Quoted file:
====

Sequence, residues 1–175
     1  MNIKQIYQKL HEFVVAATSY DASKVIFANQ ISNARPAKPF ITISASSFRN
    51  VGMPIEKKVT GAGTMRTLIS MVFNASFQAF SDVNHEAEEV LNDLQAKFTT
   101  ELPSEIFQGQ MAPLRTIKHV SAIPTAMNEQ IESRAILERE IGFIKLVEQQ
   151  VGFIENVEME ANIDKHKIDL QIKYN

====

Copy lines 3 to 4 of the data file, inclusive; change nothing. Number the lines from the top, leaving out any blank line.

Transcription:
    51  VGMPIEKKVT GAGTMRTLIS MVFNASFQAF SDVNHEAEEV LNDLQAKFTT
   101  ELPSEIFQGQ MAPLRTIKHV SAIPTAMNEQ IESRAILERE IGFIKLVEQQ